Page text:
abcworldnews:

Food for thought as the start of school approaches: What majors lead to the highest paying jobs? http://abcn.ws/1pW790T

Interesting….

This is one of those news stories where political cartoon humor just might not be appropriate.  This event just cuts right to the core of what is wrong with the death penalty.  You cannot say a crime is so deplorable that it deserves the death penalty because killing another human being is ALWAYS deplorable even if you make it looks sweetly peaceful.
(thanks/via: theweekmagazine)

This is one of those news stories where political cartoon humor just might not be appropriate.  This event just cuts right to the core of what is wrong with the death penalty.  You cannot say a crime is so deplorable that it deserves the death penalty because killing another human being is ALWAYS deplorable even if you make it looks sweetly peaceful.

(thanks/via: theweekmagazine)

According to UN calculations, one child is killed every hour in Gaza.  The Israeli Broadcasting Authority has banned a radio ad from human rights group B’Tselem listing out the names of some of the dead Palestinian children from the past 17 days of conflict.  The UN Human Rights Council has voted to launch an independent investigation into human rights violations in Israeli operations in Gaza. 29 voted in favor and 17 abstained. The sole “no” vote belonged to the United States.  Clashes erupted in the West Bank as protests mounted against Israel’s shelling of a UN school in Gaza. 

It is outrageous that the US and Israel won’t stand up against the slaughter of children.  Has the world learned nothing from the tragedies of the Holocaust, Khmer Rouge, and dozens of other conflicts where children were sent into battle or slaughtered in war?

(thanks/via: Human Rights Watch and ThePoliticalNotebook)

JON STEWART LEARNS WHAT HAPPENS WHEN YOU TALK ABOUT ISRAEL

Many have accused Jon Stewart of being pro-Hamas for expressing sympathy for the residents of Gaza, where more than 500 people have been killed — including at least 100 children — in recent fighting with Israel.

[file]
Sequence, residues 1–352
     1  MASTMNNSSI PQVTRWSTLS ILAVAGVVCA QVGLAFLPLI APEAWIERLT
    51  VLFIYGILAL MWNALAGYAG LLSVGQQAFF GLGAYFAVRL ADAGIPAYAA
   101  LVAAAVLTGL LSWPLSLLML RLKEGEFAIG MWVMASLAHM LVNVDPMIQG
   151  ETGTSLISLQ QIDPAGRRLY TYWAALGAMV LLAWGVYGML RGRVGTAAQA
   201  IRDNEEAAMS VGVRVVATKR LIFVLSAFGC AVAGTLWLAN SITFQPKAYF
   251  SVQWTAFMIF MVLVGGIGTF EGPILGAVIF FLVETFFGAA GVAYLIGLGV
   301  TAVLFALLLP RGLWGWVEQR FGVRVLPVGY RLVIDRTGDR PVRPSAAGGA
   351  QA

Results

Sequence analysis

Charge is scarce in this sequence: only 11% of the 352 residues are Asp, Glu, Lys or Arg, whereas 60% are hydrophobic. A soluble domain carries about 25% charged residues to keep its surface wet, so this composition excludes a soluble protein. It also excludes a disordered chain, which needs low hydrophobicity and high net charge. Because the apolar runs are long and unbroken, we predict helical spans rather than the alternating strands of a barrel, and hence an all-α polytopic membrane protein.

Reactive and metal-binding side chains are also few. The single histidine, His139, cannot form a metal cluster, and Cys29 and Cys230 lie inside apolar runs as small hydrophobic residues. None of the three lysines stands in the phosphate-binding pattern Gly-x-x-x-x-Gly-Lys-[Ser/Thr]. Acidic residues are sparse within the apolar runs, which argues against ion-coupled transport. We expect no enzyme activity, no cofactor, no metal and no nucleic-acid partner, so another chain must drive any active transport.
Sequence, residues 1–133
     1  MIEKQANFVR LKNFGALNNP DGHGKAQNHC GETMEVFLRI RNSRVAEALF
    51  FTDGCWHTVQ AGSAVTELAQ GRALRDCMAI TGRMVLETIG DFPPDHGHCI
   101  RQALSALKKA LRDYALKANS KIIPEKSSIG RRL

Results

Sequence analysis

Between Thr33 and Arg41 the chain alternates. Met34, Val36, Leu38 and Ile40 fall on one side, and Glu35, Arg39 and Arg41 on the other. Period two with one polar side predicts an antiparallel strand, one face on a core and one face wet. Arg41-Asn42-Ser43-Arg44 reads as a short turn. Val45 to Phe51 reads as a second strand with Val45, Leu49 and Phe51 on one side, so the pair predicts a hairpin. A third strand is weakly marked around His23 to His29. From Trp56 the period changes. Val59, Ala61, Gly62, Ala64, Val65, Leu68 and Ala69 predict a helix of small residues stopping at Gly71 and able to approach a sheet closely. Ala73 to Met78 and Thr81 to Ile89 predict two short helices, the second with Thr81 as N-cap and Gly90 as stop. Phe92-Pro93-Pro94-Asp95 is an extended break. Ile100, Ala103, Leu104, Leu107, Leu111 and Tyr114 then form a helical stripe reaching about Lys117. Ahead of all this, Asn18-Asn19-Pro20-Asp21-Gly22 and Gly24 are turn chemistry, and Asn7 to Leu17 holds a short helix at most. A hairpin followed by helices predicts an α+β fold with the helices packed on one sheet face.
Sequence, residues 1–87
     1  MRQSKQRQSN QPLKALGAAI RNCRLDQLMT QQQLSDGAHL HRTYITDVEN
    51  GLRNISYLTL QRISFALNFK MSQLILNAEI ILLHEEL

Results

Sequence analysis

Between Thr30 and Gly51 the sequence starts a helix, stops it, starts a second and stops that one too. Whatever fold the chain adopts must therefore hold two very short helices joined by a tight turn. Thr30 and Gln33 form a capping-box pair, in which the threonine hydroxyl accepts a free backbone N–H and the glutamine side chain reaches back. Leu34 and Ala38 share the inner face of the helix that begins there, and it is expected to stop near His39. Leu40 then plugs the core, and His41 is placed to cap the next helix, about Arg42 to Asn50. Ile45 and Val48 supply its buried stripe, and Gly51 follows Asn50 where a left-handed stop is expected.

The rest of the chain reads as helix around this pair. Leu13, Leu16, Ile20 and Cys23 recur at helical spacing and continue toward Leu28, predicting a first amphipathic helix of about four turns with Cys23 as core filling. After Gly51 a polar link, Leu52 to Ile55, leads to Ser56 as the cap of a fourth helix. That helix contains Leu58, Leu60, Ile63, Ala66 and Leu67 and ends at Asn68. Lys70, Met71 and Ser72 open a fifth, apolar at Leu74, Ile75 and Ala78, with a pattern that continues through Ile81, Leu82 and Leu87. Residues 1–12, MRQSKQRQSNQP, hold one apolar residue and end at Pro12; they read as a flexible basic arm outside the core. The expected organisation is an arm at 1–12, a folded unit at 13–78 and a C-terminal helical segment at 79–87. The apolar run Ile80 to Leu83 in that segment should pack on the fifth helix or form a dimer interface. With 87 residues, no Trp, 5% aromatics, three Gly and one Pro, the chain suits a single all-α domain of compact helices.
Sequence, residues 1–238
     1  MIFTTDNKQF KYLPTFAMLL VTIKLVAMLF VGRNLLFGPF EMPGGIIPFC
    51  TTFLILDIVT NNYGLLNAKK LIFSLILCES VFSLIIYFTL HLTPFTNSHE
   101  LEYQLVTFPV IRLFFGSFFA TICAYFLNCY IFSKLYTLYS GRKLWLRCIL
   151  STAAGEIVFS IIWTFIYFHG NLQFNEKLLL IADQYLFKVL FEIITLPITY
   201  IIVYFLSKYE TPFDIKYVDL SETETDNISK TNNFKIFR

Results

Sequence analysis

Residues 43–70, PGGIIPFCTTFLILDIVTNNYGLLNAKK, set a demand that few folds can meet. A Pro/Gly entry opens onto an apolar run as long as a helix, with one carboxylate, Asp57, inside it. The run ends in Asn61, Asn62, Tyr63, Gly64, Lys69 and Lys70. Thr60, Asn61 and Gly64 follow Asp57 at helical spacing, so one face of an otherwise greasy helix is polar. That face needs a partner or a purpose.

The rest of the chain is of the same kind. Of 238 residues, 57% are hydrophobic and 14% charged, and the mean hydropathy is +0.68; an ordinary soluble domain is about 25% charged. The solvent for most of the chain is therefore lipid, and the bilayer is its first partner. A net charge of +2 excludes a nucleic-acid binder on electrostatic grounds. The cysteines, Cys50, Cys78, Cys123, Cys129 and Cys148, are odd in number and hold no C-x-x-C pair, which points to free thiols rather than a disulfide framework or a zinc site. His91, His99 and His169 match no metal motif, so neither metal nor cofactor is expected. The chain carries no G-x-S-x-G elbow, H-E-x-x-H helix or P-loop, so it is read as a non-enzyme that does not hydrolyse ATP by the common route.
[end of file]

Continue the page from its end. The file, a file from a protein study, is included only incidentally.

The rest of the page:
Watch the full hilarious from “The Daily Show” segment here. 

(thanks/via: huffingtonpost)

Children are paying a terrible price in Gaza.

washingtonpost:

image

More than 25 percent of the Palestinians killed have been children. 

Disgusting that a miliary could tolerate collateral deaths of children!!!!!!!!!


In 1983, excavations for a new terminal at the Charleston International Airport in Charleston, South Carolina, began with a bang, as metal hit bone. The construction workers had stumbled upon a fossil so big that it required a backhoe to unearth. Now, over thirty years later, the remains have been identified as that of the largest known bird ever to have flown our skies.
The creature lived 25 to 28 million years ago and had a wingspan of 20 to 24 feet—twice that of the largest volant (i.e., flying) bird alive today, the wandering albatross.
Like the albatross, this ancient enormous bird soared long-range over the ocean, but how it managed to do so with a mass and wingspan that seemingly defies aerodynamic theory had, until recently, been a mystery. “Anyone with a beating heart would have been struck with awe,” says paleontologist Dr. Daniel Ksepka, whose study of the bird’s flight performance was published July 7, in the Proceedings of the National Academy of Sciences.
"This bird would have just blotted out the sun as it swooped overhead. Up close, it may have called to mind a dragon."
Discovery of the Biggest Bird That Ever Flew Rewrites Our Planet’s Histories and Mysteries

(thanks/via: newsweek)

In 1983, excavations for a new terminal at the Charleston International Airport in Charleston, South Carolina, began with a bang, as metal hit bone. The construction workers had stumbled upon a fossil so big that it required a backhoe to unearth. Now, over thirty years later, the remains have been identified as that of the largest known bird ever to have flown our skies.

The creature lived 25 to 28 million years ago and had a wingspan of 20 to 24 feet—twice that of the largest volant (i.e., flying) bird alive today, the wandering albatross.